During the week we received no mail for one reason or another I should have simply taken residence in a motel until the crisis past. It’s almost worse to return from the mailbox empty handed than to bring in a bundle of bullshit. “Whaddya mean there’s NOTHING IN THE BOX! Go back outside and find some!” Indeed, families are helpful during trying times except if their patience is tried while awaiting the arrival of free stuff with stamps.
I’m happy to say I’ve been welcomed back into the house after mail delivery resumed last week on an everyday basis. We don’t always receive mail addressed to us, but the silver linings are we are learning the names of our neighbors and where exactly they live and if any other them are likely receiving social security checks. Good to know.
As for me, I’m now done waiting for my mail since it seems to be arriving everyday again at about the same time. But I’ve learned me lesson. If we receive five things, I’m hiding away at least two in case we don’t receive anything the next day. If someone in my family wonders aloud if we’ll receive mail tomorrow, I allow myself to smile confidently while telling them, “just wait.”
For once it’s great to be an alta cocker. My age makes me eligible to receive a Covid-19 shot. But easier said than done. I’ve discovered when given the opportunity to be inoculated against a deadly virus some senior citizens suddenly become crazed lunatics that look at the process as a mortal combat.
The problem is, even if you’re eligible, you have to make an appointment. But there’s so much competition for the limited number of slots it’s tough to get one, so some serious gaming is going on.
Oh no, you can’t just ring up your doc and say, “hey, I’m old. I want my shot. When can I come in?” You actually have to score an invitation, fill out a form, get on the list, then pray you don’t get infected before being granted the potentially life-saving first poke, then making another appointment for the second.
So far I’ve received several such “invitations” from two health care systems, a discount store chain and my county. I’ve dutifully responded hoping my wife and I will be granted slots by the Vicar of Vaccines or whoever is making such decisions.
What’s really pissing me off are the smug old farts who have somehow received their firsts shots already. I got on social media where I’ve read several posts responding to someone desperately looking for info on how to make an appointment saying something to the effect of “Ha! Me and Shirley got ours yesterday. It was easy, loser. We knew what to do and where to go. We already have appointments for our second shots! Nyahhhhh, nyahhh! Here’s what ya shoulda done…”
I hope they received placebos.
Then there’s the absolute disconnect with just who the hospitals are dealing with. There’s an app some of them use where patients can register, monitor their accounts, make/cancel appointments, read their charts and pay their bills. I’m fine with it and use the app successfully all the time. Ha! I was just a smug old fart. But a lotta seniors aren’t comfortable with technology and so they’re completely disenfranchised when the email from the heath care system screams that the only way to register for, and make an appointment is on the app. What’s with this app? I need a nap!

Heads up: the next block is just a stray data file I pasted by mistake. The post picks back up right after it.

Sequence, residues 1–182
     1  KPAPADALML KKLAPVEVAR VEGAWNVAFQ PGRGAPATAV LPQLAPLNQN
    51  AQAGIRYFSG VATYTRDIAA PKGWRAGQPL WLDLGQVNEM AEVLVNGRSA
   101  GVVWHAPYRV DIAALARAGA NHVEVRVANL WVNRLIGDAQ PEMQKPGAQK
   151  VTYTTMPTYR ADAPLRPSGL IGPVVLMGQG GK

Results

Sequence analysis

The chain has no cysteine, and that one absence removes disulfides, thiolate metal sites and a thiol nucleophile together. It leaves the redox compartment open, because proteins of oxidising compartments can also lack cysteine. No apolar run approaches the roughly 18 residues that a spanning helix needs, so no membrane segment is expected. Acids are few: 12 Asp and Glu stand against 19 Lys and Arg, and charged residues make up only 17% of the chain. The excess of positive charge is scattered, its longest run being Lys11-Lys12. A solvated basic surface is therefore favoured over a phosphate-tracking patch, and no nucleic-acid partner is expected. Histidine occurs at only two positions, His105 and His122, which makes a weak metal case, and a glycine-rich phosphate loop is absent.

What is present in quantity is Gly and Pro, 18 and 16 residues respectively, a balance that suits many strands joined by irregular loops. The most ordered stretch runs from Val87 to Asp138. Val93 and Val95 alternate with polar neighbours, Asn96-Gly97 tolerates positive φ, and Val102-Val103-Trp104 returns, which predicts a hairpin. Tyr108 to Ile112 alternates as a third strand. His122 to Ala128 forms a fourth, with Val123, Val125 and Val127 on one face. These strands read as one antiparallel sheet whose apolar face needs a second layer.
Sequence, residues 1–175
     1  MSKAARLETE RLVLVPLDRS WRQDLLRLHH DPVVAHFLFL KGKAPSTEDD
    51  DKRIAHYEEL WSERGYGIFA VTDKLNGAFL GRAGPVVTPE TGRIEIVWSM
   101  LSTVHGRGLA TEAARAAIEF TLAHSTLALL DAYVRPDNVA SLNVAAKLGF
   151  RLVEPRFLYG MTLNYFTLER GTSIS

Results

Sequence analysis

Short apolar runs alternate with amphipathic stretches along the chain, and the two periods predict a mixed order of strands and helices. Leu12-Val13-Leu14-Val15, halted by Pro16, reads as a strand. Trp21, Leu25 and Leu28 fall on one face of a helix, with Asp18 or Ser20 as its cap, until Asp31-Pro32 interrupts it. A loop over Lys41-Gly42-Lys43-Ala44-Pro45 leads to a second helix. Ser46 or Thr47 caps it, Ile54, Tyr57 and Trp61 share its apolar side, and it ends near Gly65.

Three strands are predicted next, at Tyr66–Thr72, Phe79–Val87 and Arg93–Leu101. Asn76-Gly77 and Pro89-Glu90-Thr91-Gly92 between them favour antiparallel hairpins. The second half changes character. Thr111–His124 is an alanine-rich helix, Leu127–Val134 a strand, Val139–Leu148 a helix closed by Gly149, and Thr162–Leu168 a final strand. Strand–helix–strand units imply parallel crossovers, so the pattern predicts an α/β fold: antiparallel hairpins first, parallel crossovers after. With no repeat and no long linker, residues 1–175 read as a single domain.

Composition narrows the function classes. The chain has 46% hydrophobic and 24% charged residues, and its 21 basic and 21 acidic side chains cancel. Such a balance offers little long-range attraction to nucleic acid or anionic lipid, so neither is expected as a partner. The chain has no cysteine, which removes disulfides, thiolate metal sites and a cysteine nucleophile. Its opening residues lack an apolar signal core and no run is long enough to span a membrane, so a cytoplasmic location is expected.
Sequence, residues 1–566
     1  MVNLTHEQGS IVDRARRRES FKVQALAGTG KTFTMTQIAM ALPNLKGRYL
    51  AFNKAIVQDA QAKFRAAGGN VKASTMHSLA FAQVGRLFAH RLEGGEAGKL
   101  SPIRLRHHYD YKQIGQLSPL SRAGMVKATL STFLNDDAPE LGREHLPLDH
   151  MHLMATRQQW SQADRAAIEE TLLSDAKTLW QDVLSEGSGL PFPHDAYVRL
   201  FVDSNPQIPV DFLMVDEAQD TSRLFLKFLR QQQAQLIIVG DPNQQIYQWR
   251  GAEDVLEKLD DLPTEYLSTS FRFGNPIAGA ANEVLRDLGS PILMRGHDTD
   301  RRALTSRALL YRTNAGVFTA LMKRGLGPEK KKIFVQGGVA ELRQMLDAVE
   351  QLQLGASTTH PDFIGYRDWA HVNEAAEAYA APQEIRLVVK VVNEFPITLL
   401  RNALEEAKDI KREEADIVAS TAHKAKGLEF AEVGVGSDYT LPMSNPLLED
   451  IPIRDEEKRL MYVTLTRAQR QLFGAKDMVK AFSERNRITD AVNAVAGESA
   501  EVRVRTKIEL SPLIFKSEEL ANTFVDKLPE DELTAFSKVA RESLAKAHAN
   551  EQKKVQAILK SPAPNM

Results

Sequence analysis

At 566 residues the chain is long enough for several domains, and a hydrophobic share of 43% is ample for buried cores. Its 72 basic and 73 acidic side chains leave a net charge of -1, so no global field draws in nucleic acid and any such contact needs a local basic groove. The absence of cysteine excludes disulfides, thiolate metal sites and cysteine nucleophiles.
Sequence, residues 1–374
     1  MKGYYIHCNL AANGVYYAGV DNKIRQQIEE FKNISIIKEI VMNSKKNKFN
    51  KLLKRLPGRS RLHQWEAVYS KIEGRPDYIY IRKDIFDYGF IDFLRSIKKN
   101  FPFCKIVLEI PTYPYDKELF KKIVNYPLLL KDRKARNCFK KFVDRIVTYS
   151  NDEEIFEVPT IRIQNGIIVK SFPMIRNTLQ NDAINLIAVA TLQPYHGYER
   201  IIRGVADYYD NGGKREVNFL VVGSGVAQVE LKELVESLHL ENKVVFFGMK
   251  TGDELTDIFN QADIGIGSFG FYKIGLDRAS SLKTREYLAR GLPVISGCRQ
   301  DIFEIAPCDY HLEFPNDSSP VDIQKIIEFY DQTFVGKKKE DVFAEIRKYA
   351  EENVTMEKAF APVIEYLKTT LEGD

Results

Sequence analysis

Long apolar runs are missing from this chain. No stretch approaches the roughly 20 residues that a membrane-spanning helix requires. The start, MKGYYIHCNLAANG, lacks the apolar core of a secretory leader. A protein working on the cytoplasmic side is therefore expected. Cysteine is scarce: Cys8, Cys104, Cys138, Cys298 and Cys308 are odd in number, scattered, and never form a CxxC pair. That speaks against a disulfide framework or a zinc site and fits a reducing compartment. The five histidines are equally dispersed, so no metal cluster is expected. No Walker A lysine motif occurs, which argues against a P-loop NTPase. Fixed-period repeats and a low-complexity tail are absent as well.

I was relieved to see, when picking up a prescription yesterday at a big discount store you could actually sign up for an appointment in person at the pharmacy, but even that’s fraught with danger. You ever see a group of seniors vying for a shot at a shot that’ll extend their stay on this planet in the same place at the same time? It’s like Roller Derby–a lotta bony elbows and shouts of “what?”
Well…I’m hanging in there, anxiously awaiting the magic moment when we’re told the Grand Inoculator will grant us a presence. I figure we’ve got a decent chance since I’m now registered in four different places. Should we score multiple invitations, perhaps there’s a secondary market…yeah…shot scalping. Like old time outside Yankee Stadium when I was a kid. “Hey! I got two at county health!” Could be an economic shot in the arm.
Our deranged POTUS has got me thinking. Hmm…maybe I was the victim of a rigged election. If my fifth grade teacher is still alive I just may have to give her a call, or at least send a strongly worded email.
Here’s how it went down. April, 1963. I was overwhelmingly elected by my fifth grade class to be its representative on the P.S. 186 Student Council. I had campaigned hard, on the “no more navy bean soup for lunch” platform but already earned popular support and name recognition for my performance as the Cowardly Lion in our class’s production of “The Wizard of Oz.”
There were smiles all around as the class president read the votes. I had won by a landslide, 32-1.